For the sake of argument, I’ll assume there are some opinions that are beyond the pale of tolerance. Views involving the advocacy of genocide are obvious candidates. Staff who are closely identified with their employer – such as its senior managers or individuals who provide its public face in one way or another – inevitably bring the employer into disrepute if they publicly express truly hateful, Nazi-like viewpoints. But nothing in McIntyre’s tweets was remotely like that: despite the aggressive language he chose, he expressed opposition to violence, not advocacy of it, and he sketched a rather tame and familiar left-wing critique of war and what he evidently understood as its glorification.
Yet, the SBS moved swiftly (with “decisive action”, as its senior managers expressed it) to fire him with immediate effect. This followed an outcry on Twitter that included denunciation of McIntyre by a government minister, Malcolm Turnbull. Here, then, we see a crucial issue. Should such powerful individuals as the ministers of national governments be using their very large public platforms to attack individual citizens who are not professional politicians or others with great power?
All sides of politics
Notwithstanding such examples, the problem can be found on all sides of contemporary cultural and political controversy. Left-wing political activists are not always clean. Indeed, they often seek to advance their causes by opportunistic attacks on individuals who are portrayed as somehow deserving it. Hyperbolic and uncharitable attacks on specific, identifiable people provide a well-established tactic on the Left, one that was explicitly advocated by the legendary activist Saul Alinsky in his influential “how to” book, Rules for Radicals.
As I described in a post at Talking Philosophy, and republished recently on my personal blog, political activists may rally supporters by pretending that their opponents are 100 per cent wrong. Yet, as Alinsky candidly acknowledged, the opponent – the person considered to be in the wrong in a particular situation – may actually, on a more objective assessment, have some admirable qualities and be 40 per cent right. As a result, activists often isolate and demonise essentially decent, reasonable people, pretend that situations are far more dire than they really are, and otherwise engage in deliberate misrepresentations. Those who are rallied – rather than doing the rallying – may thus come to misperceive named individuals not only as their opponents but as morally vicious people who are fair game for ill-treatment.
There may be no substitute for such tactics in genuinely dire situations where many people are suffering terribly, and where activists desperately need swift, dramatic victories to ameliorate the suffering. Thus, we may not regret that dishonest and hurtful tactics have been used in the past to achieve victories against slum lords, exploitative corporations, and oppressive regimes. However, distasteful it may be to say so, perhaps the ends can justify the means in truly urgent circumstances.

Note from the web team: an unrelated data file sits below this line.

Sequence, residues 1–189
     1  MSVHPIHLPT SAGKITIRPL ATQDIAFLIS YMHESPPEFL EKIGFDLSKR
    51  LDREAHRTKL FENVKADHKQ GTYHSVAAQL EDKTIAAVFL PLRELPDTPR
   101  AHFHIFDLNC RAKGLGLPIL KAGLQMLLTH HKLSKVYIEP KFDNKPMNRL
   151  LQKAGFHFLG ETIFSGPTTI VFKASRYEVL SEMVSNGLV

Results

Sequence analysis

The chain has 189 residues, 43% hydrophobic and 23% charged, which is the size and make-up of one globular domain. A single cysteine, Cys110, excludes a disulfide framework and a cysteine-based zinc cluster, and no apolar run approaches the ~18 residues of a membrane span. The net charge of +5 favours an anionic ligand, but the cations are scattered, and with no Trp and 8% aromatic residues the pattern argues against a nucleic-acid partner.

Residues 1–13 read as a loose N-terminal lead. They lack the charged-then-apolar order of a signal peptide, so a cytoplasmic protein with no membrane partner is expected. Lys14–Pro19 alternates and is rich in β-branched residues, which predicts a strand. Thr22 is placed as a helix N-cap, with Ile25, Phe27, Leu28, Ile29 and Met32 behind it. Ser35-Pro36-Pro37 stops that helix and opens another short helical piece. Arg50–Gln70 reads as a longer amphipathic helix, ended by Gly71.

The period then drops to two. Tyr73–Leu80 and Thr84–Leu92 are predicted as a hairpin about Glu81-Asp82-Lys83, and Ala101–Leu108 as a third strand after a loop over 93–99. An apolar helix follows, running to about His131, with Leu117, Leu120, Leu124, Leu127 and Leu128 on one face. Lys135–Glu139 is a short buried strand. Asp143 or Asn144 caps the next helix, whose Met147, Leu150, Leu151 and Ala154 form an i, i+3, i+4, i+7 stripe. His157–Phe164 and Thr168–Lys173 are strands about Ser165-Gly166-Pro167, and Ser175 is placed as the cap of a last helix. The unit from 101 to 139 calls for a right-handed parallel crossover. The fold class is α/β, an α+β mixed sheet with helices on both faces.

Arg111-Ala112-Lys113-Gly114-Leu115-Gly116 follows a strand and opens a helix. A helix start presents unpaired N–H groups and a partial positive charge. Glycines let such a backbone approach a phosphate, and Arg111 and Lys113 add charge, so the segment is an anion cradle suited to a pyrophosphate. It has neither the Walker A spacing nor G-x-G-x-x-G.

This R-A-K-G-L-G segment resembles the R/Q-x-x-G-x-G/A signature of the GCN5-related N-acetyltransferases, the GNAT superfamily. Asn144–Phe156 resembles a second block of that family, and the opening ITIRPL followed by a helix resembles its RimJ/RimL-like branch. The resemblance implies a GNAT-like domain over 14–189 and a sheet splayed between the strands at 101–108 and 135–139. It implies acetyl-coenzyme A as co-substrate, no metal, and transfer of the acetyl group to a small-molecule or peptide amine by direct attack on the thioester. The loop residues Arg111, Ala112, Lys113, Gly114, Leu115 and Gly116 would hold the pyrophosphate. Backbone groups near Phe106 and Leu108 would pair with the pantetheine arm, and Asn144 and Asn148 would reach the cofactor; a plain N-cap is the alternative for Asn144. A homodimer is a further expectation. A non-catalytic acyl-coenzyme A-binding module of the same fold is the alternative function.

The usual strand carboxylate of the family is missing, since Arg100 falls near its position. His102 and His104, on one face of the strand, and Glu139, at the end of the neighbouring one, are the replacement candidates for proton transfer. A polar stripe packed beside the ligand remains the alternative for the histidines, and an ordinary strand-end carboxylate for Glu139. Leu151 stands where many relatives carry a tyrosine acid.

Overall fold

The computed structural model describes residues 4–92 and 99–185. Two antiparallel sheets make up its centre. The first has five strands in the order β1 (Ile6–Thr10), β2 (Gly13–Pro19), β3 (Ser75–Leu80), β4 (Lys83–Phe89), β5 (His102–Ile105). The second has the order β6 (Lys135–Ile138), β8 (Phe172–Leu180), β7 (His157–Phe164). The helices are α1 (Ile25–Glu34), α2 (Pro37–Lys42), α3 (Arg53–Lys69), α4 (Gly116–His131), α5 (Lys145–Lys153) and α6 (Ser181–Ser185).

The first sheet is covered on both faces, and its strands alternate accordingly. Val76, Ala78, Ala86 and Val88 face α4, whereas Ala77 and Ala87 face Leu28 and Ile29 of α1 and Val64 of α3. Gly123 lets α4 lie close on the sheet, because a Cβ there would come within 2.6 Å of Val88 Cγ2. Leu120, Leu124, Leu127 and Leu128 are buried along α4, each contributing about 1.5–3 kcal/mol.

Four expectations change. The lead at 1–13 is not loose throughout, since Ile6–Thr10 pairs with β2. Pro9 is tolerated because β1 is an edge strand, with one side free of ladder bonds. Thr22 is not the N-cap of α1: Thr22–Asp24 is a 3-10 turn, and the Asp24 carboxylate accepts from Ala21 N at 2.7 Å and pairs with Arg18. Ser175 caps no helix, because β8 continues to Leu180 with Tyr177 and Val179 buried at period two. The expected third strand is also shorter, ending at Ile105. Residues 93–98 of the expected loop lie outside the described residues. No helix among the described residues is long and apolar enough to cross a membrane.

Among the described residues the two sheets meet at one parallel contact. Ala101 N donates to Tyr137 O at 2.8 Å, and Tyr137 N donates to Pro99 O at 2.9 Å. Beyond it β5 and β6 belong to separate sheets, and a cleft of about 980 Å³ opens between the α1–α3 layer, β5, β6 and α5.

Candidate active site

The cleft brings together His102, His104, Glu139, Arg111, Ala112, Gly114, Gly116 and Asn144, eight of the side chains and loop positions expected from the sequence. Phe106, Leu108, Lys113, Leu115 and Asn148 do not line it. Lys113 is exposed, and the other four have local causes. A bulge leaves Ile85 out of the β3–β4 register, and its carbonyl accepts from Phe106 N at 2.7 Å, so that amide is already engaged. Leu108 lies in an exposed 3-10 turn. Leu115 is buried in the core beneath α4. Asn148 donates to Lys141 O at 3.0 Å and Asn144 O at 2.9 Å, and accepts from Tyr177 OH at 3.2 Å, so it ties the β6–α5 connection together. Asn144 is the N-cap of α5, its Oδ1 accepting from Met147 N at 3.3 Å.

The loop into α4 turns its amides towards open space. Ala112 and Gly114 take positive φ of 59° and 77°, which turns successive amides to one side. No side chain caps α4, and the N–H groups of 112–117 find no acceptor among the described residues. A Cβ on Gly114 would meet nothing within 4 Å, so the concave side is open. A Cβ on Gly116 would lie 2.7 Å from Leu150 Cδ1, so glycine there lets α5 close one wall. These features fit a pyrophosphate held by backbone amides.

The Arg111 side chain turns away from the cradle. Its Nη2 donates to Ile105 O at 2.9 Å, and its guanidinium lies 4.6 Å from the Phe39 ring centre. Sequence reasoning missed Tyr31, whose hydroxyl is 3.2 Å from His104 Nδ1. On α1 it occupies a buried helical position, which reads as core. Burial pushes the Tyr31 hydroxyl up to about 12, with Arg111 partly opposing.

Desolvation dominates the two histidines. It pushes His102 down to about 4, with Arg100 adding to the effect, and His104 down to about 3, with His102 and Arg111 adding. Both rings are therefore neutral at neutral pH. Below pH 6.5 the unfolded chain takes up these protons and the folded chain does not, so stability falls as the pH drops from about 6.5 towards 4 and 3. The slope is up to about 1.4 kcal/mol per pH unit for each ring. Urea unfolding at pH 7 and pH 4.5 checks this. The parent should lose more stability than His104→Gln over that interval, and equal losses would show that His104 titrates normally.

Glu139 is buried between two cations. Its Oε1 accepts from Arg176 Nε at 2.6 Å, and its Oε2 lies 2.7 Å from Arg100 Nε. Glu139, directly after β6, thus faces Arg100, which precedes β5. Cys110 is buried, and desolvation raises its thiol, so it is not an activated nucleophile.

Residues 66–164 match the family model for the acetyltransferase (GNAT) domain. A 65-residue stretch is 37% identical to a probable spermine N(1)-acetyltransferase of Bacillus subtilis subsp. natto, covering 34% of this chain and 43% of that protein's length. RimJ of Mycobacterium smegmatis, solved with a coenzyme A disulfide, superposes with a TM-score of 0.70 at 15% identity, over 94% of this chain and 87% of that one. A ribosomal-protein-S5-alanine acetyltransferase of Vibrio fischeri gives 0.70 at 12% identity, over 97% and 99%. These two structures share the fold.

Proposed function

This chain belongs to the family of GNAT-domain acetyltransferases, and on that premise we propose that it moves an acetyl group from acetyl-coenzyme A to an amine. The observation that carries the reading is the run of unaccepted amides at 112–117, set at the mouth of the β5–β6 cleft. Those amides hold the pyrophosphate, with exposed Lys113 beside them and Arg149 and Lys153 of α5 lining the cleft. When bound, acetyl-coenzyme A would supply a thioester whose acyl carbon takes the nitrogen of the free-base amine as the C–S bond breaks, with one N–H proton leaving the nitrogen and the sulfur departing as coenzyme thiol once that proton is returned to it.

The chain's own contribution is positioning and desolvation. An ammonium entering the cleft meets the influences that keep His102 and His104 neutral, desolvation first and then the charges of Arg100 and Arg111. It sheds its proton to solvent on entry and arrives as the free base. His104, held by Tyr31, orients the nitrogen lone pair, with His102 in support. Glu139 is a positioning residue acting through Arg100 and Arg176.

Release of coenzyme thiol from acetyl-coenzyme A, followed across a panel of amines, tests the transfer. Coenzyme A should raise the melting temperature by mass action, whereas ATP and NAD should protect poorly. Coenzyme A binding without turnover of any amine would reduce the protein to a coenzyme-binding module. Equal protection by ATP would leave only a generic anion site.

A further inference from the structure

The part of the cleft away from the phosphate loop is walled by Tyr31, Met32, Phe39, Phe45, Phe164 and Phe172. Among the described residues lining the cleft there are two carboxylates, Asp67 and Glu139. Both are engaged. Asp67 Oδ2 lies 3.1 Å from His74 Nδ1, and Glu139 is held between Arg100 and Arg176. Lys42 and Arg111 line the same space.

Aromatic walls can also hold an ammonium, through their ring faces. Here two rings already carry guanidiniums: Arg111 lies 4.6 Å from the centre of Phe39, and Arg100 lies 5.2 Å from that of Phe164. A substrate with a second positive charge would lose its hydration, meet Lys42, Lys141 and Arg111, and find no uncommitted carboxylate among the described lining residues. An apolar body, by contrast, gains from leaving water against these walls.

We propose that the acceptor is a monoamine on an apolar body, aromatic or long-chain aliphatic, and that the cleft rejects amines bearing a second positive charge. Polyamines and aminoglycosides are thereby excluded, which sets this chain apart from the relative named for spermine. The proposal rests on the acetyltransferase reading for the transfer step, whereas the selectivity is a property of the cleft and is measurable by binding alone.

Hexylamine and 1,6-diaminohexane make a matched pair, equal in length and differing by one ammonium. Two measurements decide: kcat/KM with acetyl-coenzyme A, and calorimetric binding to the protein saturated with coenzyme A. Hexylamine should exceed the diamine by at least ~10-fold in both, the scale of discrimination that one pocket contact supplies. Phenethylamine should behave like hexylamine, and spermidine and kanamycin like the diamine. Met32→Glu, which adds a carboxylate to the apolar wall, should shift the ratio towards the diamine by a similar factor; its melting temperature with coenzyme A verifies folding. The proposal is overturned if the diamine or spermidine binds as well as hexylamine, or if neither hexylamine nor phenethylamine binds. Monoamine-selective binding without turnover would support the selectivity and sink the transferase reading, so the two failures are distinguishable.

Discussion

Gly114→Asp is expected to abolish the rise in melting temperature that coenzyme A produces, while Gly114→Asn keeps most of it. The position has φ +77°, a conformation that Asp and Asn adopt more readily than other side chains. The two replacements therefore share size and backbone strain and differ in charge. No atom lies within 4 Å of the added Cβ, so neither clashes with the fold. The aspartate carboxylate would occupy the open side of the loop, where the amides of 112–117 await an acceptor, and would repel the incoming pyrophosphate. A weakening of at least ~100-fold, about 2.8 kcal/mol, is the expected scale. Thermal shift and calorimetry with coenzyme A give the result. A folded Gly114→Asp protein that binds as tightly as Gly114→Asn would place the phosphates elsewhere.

But even if we accept that much, what kind of society will we be living in if this approach becomes normalised? Do we want a cultural and political environment where intellectual dishonesty, social destruction of individuals, and pressures to engage in tribal displays (shows of ideological purity and of a willingness to adopt extreme views) become the daily currency of social interaction?
Much of our current political and cultural disputation takes the form of culture warring, waged across many fronts, rather than good-faith attempts at mutual understanding and shared deliberation. This is not, of course, entirely new. Social media such as Twitter and the blogosphere make it more visible, but we might wonder whether it is actually any worse than, say, twenty years ago.
Such trends are difficult to measure. Haidt, for one, is convinced that there has been a decline in civility and mutual good will in American politics – and if he’s correct, his observations probably apply beyond the US. On the other hand, we might recall the extremes of other decades, such as the 1960s and 1970s (the volatile era when I came of age).
However new it may be, the Manichaeism that Haidt identifies appears to be real. If that’s not obvious, try it out as a working hypothesis. You’ll likely see ongoing outrage, abuse, and demonisation of opponents from all sides of political and cultural debate. Note that the warring sides will not always be Right versus Left in the traditional sense. That has changed in the new culture wars of the twenty-first century: unusual alliances are forming, often cutting across old divisions or exposing deep disagreements within what we think of as the Right or the Left.
Cultural warfare is dividing good people from each other, creating a general environment of hostility where many of us are constantly on hair-triggers (and where many people feel they must self-censor or else be turned on by their own tribes). All of this hurts good people, lowers the quality of debate, distorts our understanding of the problems we confront, and harms the process of democratic deliberation.
What’s less clear is what we can do about it. I’ll return to that in later posts.